American consumers may be seeing their credit card balances increase this year, but they are managing to pay their bills on time, according to a new report from credit reporting agency TransUnion.
Even as credit card debt increased 6%, the national credit card delinquency rate, or card holders who are at least 90 days late in making payments, dropped from 0.63% in the second quarter of 2012 from 0.73% and maintained the lowest levels in 18 years.
Paying your credit card bill on time is a major factor that contributes to your credit score.
The average credit card debt hovers just below $5,000, increasing from $4,699 earlier this year. But that number is still 13% or $700 less than three years ago during the height of the recession This news comes on the heels of earlier positive reports of mortgage delinquency rates reaching a three-year low, suggesting that Americans are getting a better hold on their finances.
More consumers are getting credit cards, as the number of card originations grew 4% over the last quarter, 26.1% percent of those cards were issued to non-prime borrowers, or people with credit scores of 700 or lower.
“While non-prime borrowers made up a slightly smaller percentage of all new trades in this latest quarter, they continue to gain more access to credit. In conjunction with the growth in the overall number of card originations in the last few years, it means that the credit card pie is bigger, and non-prime consumers are getting a bigger slice of that pie,” Ezra Becker, vice president of research and consulting in TransUnion’s financial services business unit, said in a press release.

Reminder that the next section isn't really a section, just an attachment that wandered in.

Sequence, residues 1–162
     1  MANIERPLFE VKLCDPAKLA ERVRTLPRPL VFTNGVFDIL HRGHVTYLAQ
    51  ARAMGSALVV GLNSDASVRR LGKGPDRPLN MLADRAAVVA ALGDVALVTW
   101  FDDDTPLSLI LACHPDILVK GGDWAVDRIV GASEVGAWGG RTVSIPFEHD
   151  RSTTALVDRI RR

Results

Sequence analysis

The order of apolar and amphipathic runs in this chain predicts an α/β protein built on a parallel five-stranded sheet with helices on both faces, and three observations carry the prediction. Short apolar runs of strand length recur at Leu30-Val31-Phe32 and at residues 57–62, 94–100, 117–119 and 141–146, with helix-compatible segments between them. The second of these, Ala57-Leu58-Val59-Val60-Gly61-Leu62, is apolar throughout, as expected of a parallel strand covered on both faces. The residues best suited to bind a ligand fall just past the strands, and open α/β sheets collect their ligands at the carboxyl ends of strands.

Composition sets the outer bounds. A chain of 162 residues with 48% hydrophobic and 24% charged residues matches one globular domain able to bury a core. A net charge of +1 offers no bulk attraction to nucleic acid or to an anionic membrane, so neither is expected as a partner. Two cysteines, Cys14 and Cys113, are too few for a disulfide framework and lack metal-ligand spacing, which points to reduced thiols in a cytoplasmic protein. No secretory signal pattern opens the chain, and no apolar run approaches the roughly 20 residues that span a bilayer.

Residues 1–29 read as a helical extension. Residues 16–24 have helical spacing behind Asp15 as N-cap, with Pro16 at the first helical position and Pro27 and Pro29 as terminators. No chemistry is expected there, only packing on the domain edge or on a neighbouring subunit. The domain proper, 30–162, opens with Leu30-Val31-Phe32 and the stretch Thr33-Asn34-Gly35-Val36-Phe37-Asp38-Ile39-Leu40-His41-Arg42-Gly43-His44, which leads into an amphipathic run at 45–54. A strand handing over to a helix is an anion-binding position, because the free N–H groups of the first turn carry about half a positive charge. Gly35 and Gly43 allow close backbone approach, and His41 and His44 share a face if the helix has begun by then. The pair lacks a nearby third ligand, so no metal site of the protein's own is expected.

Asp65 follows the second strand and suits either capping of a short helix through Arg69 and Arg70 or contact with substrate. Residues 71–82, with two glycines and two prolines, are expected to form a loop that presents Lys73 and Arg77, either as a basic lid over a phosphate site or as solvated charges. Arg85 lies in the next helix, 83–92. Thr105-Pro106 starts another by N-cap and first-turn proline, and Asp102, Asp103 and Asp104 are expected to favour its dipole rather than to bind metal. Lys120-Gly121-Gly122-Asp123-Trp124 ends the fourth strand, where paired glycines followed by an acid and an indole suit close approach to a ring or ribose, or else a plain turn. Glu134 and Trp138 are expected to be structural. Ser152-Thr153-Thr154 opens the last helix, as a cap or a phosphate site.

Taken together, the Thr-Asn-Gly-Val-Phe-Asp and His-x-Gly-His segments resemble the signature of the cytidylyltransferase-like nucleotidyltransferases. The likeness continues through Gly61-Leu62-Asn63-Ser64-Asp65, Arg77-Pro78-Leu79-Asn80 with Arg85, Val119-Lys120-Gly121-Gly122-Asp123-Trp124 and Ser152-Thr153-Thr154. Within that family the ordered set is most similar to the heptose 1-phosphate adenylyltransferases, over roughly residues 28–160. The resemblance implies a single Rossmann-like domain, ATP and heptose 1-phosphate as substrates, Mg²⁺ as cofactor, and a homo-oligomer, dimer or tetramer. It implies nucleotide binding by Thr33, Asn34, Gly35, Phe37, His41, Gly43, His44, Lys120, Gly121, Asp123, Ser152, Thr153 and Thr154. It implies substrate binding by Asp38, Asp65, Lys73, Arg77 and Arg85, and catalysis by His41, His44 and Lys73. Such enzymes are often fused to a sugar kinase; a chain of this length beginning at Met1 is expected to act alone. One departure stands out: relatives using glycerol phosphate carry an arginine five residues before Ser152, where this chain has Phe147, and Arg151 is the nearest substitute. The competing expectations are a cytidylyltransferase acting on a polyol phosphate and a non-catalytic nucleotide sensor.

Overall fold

“This is important to note, because one would think delinquencies would rise as non-prime borrowers gain more access to credit. We’ve found that consumers continue to value their credit cards more than ever and will likely do so at least until unemployment abates,” Becker said.
The report indicated that most of the country is showing positive signs on credit management, but five states –Hawaii, Massachusetts, North Dakota, South Dakota and West Virgina, and 20% of metropolitan statistical areas (MSAs) saw increases in their credit card delinquency rates. However, that number was higher last quarter when 28% of MSAs experienced an increase.
Based on consumer sentiment, disposable income, and employment conditions, TransUnion forecasts that car delinquency rates to continue at the same levels with the potential for seasonal fluctuations.